5. Good job. Once you have the one-way screw removed about 1/4″, take these lock jaws next.


Clamp the lockjaws onto the one-way screw head, turn counter-clockwise, and remove the screw. Remove all one-way screws like this.


6. Clamp the lock jaws onto the one-way screw head, turn counter-clockwise, and remove the screw. Remove all one-way screws like this.


Congrats, you finished the first step – removing the existing security door. Pull out all one-way screws this way, then remove all of the old frame parts, the door, etc.

 

Step 2- Prepping the new door

Alright, so you have the existing door removed. The existing opening is prepped (i.e., cleaned or painted if you need or want to, old holes are caulked or filled with wood putty, etc.) and you are ready to install the new door. The next step is to prep the door for installation. While the manufacturer instructions that I have seen are pretty much useless, if you follow them they will lead to heartache and woe. They’ll like want you to install the door itself, level it, then install the top frame, square it, then the latch frame, and square it. The problem is you are using one-way, IRREVERSIBLE screws. Did I mention the screws are irreversible? Meaning once they are in, they are in? You have no room for error, and in this case errors build on errors. So I am going to show you how to do it in one shot and get it perfect EVERY time. And this begins with prepping the door.

Select your door handle and deadbolt set. I like the Kwikset brand.


7. Select your door handle and deadbolt set. I like the Kwikset brand.


Temporarily hold the latch frame of the security door up to the entry door to see if you will have interference between the handles. If so, you may have to swap the door knob and deadbolt around.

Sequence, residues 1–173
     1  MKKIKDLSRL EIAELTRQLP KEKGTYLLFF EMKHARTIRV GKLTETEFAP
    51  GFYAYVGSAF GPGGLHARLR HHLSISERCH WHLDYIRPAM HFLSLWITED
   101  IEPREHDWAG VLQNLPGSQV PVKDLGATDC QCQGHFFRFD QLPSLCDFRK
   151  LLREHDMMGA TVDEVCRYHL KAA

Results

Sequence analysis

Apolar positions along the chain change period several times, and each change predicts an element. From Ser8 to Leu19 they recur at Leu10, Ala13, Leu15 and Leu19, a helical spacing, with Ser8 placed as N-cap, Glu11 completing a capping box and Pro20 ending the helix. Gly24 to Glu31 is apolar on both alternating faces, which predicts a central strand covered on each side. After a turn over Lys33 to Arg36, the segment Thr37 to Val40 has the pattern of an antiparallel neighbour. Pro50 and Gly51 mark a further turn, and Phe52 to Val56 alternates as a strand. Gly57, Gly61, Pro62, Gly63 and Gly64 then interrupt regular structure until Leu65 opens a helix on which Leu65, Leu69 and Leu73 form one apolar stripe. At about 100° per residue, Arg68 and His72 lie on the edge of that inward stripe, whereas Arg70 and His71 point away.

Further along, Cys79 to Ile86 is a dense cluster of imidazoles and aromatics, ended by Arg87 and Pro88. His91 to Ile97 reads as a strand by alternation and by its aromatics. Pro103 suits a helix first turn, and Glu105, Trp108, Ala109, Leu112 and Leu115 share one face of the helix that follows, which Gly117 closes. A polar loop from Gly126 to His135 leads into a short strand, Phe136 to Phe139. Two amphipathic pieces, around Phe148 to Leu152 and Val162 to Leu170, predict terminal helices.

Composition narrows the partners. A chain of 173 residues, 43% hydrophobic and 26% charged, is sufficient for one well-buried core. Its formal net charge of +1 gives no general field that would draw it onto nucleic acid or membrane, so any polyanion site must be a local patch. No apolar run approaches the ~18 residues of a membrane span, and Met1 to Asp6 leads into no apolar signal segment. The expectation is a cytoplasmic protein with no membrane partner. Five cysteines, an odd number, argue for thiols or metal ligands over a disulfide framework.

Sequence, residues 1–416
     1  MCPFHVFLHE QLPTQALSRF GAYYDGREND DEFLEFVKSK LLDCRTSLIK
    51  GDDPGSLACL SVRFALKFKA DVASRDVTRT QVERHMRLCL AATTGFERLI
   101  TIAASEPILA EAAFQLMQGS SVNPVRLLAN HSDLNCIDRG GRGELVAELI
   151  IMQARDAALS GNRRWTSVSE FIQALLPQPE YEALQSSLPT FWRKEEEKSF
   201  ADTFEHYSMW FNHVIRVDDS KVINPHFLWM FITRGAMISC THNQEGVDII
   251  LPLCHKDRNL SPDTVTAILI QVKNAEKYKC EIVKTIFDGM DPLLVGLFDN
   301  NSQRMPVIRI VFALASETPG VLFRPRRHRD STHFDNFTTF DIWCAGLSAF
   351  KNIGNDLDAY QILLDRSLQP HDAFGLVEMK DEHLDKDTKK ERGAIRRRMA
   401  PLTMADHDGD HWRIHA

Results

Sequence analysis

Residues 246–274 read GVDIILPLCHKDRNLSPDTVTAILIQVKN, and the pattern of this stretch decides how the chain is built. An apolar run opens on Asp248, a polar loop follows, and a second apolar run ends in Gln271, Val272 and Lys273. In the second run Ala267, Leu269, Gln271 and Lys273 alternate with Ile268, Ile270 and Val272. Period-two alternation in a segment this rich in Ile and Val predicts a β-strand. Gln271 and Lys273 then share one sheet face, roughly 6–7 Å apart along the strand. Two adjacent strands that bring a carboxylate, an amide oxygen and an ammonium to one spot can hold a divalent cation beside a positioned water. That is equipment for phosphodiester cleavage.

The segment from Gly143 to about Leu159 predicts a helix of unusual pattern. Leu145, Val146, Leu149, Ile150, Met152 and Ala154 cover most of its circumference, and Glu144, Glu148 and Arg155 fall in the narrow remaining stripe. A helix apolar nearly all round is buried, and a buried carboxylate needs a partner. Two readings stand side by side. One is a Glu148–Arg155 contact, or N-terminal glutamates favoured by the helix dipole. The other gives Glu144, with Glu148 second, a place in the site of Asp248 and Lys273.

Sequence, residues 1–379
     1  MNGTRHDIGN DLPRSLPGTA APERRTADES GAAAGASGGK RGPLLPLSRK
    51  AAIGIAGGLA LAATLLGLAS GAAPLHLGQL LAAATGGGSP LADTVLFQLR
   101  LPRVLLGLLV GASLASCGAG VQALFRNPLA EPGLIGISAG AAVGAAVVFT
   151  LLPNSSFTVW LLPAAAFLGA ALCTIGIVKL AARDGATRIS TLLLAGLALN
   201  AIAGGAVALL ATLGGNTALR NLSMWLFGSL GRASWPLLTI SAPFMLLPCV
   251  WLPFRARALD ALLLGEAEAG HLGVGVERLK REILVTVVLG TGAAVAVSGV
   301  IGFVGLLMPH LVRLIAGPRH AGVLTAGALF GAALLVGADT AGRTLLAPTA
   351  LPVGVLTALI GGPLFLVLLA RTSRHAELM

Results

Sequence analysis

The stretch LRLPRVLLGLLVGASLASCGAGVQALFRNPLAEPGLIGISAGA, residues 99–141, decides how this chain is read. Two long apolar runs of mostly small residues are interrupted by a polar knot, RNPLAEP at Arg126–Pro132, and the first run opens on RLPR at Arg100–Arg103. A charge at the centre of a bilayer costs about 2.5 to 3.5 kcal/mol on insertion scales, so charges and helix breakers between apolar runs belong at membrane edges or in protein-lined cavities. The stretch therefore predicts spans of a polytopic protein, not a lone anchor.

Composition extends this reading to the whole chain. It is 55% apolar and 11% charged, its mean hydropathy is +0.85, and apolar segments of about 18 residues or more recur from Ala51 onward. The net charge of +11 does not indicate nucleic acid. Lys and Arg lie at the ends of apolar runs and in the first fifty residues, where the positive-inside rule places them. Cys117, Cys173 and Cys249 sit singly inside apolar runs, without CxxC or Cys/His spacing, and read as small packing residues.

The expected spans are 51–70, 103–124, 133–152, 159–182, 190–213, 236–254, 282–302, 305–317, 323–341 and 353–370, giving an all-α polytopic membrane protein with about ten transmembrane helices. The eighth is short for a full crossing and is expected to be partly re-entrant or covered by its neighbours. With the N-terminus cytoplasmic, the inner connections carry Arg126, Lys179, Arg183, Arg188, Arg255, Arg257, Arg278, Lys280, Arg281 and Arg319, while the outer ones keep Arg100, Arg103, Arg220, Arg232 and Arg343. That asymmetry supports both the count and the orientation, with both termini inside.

Temporarily hold the latch frame of the security door up to the entry door to see if you will have interference between the handles. If so, you may have to swap the door knob and deadbolt around.


The first step is to put the deadbolt and door latch into their proper holes.


The first step is to put the deadbolt and door latch into their proper holes.


In the box you'll find bags with lots of screws. Take out 4 of the shorter screws, about 1/2" long. These you will use to mount the deadbolt and door latch into the frame. Don't worry, you will have left over parts.


In the box you’ll find bags with lots of screws. Take out 4 of the shorter screws, about 1/2″ long. These you will use to mount the deadbolt and door latch into the frame. Don’t worry, you will have left over parts.


Put the deadbolt and door latch in their appropriate openings like this. Make sure you have them in right. As in the angle on the door latch should point to wards the inside of the house so it closes correctly.


Put the deadbolt and door latch in their appropriate openings like this. Make sure you have them in right. As in the angle on the door latch should point to wards the inside of the house so it closes correctly.


And on the dead bolt it actually tells you which way is up. Trust me, get this right. If you install it upside down, the locks will NEVER line up correctly.


And on the dead bolt it actually tells you which way is up. Trust me, get this right. If you install it upside down, the locks will NEVER line up correctly.

Good job. You’ve got the first part of the handles and deadbolt installed. Now we are going to complete the handle and deadbolt installation.


Find the biggest screws that look like this. These are the deadbolt screws. You'll need these next.


Find the biggest screws that look like this. These are the deadbolt screws. You’ll need these next.


Install the outside part of the dead bolt lock set. Make sure the keyhole is perfectly vertical, otherwise the holes for the screws on the inside part won't line up.


Install the outside part of the dead bolt lock set. Make sure the keyhole is perfectly vertical, otherwise the holes for the screws on the inside part won’t line up.


Install the inside part of the deadbolt lock and use those 2 screws I showed you earlier. Test that it operates properly.


Install the inside part of the deadbolt lock and use those 2 screws I showed you earlier. Test that it operates properly.